The United States needs to return to fact-based analysis and realism in its foreign policy.
All these blunders have been compounded by the consistent substitution of military tactics for strategy. The diplomatic success of the Iran nuclear deal aside, the policy dialogue in Washington and the current presidential campaign have focused entirely on the adjustment of troop levels, whether and when to bomb things, the implications of counterinsurgency doctrine, when and how to use special forces, whether to commit troops on the ground, and the like, with nary a word about what these uses of force are to accomplish other than killing people. When presented with proposals for military action, no one asks “and then what?”
Military campaign plans that aim at no defined political end state are violence for the sake of violence that demonstrably create more problems than they solve. Military actions that are unguided and unaccompanied by diplomacy are especially likely to do so. Think of Israel’s, our and Saudi Arabia’s campaigns in Gaza, Iraq, Lebanon, Libya and Yemen.
By contrast, military interventions that are limited in their objectives, scale and duration; that end or phase down when they have achieved appropriate milestones; and that support indigenous forces that have shown their mettle on the battlefield can succeed. Examples include the pre–Tora Bora phase of the U.S. intervention in Afghanistan and the first round of Russian intervention in Syria.
The objectives of what was initially conceived as a punitive raid into Afghanistan in October 2001 were (1) to dismantle Al Qaeda and (2) to punish its Taliban hosts to ensure that “terrorists with global reach” would be denied a continuing safe haven in Afghanistan. The United States pursued these objectives by supporting mostly non-Pashtun enemies of the mostly Pashtun Taliban who had proven politico-military capabilities and staying power. A limited American and British investment of intelligence capabilities, special forces, air combat controllers and air strikes tilted the battlefield in favor of the Northern Alliance and against the Taliban. Within a little more than two months, the Taliban had been forced out of Kabul and the last remnants of Al Qaeda had been killed or driven from Afghanistan. We had achieved our objectives.
But instead of declaring victory and dancing off the field, we moved the goalposts. The United States launched an open-ended campaign and enlisted NATO in efforts to install a government in Kabul while building a state for it to govern, promoting feminism and protecting poppy growers. The poppies still flourish. All else looks to be ephemeral.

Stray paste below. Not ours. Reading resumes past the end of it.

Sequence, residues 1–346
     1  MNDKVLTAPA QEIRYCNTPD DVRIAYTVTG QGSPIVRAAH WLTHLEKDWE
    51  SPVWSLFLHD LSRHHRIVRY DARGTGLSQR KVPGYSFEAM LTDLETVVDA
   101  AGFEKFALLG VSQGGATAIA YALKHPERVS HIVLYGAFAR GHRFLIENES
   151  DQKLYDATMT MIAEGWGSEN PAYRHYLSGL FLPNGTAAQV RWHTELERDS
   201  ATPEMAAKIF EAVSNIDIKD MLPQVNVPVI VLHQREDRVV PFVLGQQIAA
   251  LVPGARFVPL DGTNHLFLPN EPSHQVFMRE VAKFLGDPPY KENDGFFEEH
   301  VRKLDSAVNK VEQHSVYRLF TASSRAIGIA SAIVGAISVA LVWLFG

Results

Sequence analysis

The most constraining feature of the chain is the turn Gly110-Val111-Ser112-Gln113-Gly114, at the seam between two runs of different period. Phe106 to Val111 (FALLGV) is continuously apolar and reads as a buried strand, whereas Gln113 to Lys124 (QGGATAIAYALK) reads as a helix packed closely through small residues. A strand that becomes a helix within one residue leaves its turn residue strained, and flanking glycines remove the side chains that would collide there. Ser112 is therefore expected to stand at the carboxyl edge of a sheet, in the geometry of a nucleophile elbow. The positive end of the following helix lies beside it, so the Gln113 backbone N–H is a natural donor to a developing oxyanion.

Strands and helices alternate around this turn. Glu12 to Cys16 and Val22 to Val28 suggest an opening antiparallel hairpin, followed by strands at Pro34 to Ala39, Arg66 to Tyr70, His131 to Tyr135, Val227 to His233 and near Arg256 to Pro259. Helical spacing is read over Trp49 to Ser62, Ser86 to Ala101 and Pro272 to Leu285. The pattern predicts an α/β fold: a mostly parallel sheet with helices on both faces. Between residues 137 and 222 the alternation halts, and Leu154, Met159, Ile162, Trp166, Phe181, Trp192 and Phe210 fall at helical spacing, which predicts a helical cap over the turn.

Mr. Putin’s intervention in Syria in 2015 relied for its success on ingredients similar to those in the pre–Tora Bora U.S. intervention in Afghanistan. The Russians committed a modest ration of airpower and special forces in support of a Syrian government that had amply demonstrated its survivability in the face of more than four years of Islamist efforts to take it down. The Russian campaign had clear political objectives, which it stuck to.
Moscow sought to reduce the complexities of Syria to a binary choice between life under the secular dictatorship of the Assad regime and rule by Islamist fanatics. It cemented a Russian-Iranian entente. It hedged against the likelihood that the Syrian Humpty Dumpty cannot be reassembled, ensuring that, whatever happens, Russia will not lack clients in Syria or be dislodged from its bases at Tartus and Latakia. Russia succeeded in forcing the United States into a diplomatically credible peace process in which regime removal is no longer a given and Russia and Iran are recognized as essential participants. It retrained, reequipped and restored the morale of government forces, while putting their Islamist opponents on the defensive and gaining ground against them. The campaign reduced and partially contained the growing Islamist threat to Russian domestic tranquility, while affirming Russia’s importance as a partner in combating terrorism.
Moscow also put its hands on the stopcock for the refugee flow from West Asia that threatens the survival of the European Union, underscoring Russia’s indispensable relevance to European affairs. It demonstrated its renewed military prowess and reestablished itself as a major actor in Middle Eastern affairs. And it showed that Russia could be counted upon to stand by protégés when they are at risk, drawing an invidious contrast with the American abandonment of Hosni Mubarak in 2011. The cost of these achievements has been collateral damage to Russia’s relations with Turkey, a price Moscow appears willing to play.
But state failure in Syria continues, as it does in Iraq, Libya, Somalia and Yemen. Jordan and Bahrain are under pressure. Tunisia and Turkey – once avatars of democratic Islamism – seem to be leaving democracy behind. Israel is strangling Gaza while swallowing the rest of Palestine alive. Saudi Arabia, the United Arab Emirates and Bahrain are in a near state of war with Iran, which is in the midst of a breakthrough in relations with Europe and Asia, if not America. Kuwait, Oman and Qatar are trying to stay out of the fight. Once the region’s Arab heavyweight, Egypt now subsists on handouts from the Gulf Arabs and cowers under martial law. Sudan has been partitioned, sidelined and ostracized by the West.